New York Central Railroad Company v. Sarah White

Decision Date01 March 1916
Docket NumberNo. 320,320
Citation61 L.Ed. 667,243 U.S. 188,37 S.Ct. 247
CourtU.S. Supreme Court

[Syllabus from pages 188-190 intentionally omitted] Messrs. William L. Visscher, Frank V. Whiting, Robert E. Whalen, and H. Leroy Austin for plaintiff in error.

Messrs. Harold J. Hinman and E. Clarence Aiken, and Mr. Egburt E. Woodbury, Attorney General of New York, for defendant in error.

Mr. Justice Pitney delivered the opinion of the court:

A proceeding was commenced by defendant in error before the Workmen's Compensation Commission of the State of New York, established by the Workmen's Compensation Law of that state,1 to recover compensation from the New York Central & Hudson River Railroad Company for the death of her husband, Jacob White, who lost his life September 2, 1914, through an accidental injury arising out of and in the course of his employment under that company. The Commission awarded compensation in accordance with the terms of the law; its award was affirmed, without opinion, by the appellate division of the supreme court for the third judicial department, whose order was affirmed by the court of appeals, without opinion. 169 App. Div. 903, 152 N. Y. Supp. 1149, 216 N. Y. 653, 110 N. E. 1051. Federal questions having been saved, the present writ of error was sued out by the New York Central Railroad Company, successor, through a consolidation of corporations, to the rights and liabilities of the employing company. The writ was directed to the appellate division, to which the record and proceedings had been remitted by the court of appeals. Sioux Remedy Co. v. Cope, 235 U. S. 197, 200, 59 L. ed. 193, 196, 35 Sup. Ct. Rep. 57.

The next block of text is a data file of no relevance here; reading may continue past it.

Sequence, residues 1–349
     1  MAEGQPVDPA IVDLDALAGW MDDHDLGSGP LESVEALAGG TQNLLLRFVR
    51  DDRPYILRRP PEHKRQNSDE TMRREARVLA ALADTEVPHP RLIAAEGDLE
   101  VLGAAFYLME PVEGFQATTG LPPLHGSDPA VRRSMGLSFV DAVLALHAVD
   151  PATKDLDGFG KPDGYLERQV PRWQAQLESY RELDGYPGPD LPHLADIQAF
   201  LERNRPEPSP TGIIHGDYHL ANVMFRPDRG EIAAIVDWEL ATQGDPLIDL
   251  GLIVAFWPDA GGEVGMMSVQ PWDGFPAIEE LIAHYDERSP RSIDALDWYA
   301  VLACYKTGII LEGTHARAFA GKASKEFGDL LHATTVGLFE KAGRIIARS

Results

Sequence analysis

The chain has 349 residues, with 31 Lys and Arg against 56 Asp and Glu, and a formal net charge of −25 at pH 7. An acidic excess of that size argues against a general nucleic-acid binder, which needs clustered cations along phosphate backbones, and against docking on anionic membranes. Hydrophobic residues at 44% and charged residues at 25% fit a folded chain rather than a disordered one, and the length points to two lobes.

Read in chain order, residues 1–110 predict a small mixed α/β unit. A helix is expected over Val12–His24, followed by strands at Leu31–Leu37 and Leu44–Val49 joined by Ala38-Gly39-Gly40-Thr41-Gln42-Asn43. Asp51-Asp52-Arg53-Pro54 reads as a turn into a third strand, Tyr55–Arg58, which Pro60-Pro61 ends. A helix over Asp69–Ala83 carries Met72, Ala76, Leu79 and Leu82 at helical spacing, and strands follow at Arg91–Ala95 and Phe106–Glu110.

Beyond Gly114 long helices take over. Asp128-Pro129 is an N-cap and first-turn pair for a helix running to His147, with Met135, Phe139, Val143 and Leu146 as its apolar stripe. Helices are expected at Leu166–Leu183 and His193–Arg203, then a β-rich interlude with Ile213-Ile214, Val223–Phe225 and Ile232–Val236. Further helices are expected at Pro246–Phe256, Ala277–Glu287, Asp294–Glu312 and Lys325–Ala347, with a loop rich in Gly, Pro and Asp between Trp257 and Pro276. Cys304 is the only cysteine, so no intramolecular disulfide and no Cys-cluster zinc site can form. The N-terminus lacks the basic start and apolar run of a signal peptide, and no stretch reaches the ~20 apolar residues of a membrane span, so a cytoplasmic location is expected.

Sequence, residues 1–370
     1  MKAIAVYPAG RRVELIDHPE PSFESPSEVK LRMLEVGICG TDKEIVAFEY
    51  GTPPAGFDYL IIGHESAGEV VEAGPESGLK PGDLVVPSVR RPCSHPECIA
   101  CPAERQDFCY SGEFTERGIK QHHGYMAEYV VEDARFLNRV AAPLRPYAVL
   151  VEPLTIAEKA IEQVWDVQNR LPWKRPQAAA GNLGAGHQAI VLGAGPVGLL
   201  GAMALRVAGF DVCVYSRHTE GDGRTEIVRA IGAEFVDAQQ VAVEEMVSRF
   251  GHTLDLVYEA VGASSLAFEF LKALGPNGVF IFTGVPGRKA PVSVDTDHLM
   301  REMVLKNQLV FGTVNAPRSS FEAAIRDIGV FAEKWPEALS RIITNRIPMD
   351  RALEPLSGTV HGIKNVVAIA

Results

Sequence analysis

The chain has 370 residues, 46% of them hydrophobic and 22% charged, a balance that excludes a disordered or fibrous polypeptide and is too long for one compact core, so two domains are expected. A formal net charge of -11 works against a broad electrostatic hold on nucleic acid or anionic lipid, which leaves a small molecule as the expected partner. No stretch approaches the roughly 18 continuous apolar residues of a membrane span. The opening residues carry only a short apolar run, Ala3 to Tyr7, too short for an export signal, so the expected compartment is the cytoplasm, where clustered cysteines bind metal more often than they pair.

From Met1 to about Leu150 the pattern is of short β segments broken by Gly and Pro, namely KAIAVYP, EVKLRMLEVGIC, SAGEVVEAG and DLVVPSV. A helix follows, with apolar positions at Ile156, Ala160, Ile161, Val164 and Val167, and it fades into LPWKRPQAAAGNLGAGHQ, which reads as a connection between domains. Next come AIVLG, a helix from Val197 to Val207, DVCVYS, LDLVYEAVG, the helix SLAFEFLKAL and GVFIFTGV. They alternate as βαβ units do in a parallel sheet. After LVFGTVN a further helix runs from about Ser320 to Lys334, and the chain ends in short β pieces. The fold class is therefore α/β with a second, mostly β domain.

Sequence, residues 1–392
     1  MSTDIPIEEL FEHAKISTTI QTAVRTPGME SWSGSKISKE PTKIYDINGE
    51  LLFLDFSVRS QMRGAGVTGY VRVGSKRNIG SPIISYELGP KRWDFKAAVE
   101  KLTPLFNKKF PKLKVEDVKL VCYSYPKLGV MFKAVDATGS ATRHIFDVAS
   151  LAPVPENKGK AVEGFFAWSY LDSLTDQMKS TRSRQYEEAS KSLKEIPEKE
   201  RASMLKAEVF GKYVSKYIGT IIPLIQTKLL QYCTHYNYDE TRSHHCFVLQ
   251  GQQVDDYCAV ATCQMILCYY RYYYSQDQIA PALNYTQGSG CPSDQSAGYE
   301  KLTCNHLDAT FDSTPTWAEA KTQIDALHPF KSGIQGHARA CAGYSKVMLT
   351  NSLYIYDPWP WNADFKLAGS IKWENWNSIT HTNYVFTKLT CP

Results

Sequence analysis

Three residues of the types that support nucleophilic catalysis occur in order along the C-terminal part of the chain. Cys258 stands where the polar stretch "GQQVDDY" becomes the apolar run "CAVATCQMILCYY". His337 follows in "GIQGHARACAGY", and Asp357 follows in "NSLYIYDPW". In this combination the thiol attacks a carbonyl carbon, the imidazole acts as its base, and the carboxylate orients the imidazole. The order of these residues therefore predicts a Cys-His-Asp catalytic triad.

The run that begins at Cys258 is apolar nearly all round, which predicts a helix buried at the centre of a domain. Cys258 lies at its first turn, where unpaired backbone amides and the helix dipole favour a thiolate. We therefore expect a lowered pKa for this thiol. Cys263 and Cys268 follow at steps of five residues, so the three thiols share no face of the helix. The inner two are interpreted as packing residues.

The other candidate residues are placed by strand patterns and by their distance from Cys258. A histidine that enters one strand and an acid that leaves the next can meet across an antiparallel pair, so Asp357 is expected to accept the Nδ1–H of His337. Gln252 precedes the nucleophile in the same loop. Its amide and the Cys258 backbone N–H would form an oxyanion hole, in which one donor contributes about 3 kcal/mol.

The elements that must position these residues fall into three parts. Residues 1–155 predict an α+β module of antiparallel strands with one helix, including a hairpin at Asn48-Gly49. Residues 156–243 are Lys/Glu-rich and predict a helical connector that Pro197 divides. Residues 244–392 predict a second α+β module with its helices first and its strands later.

The errors specified are based upon these contentions: (1) that the liability, if any, of the railroad company for the death of Jacob White, is defined and limited exclusively by the provisions of the Federal Employers' Liability Act of April 22, 1908, chap. 149, 35 Stat. at L. 65, Comp. Stat. 1913, § 8657, and (2) that to award compensation to defendant in error under the provisions of the Workmen's Compensation Law would deprive plaintiff in error of its property without due process of law, and deny to it the equal protection of the laws, in contravention of the 14th Amendment.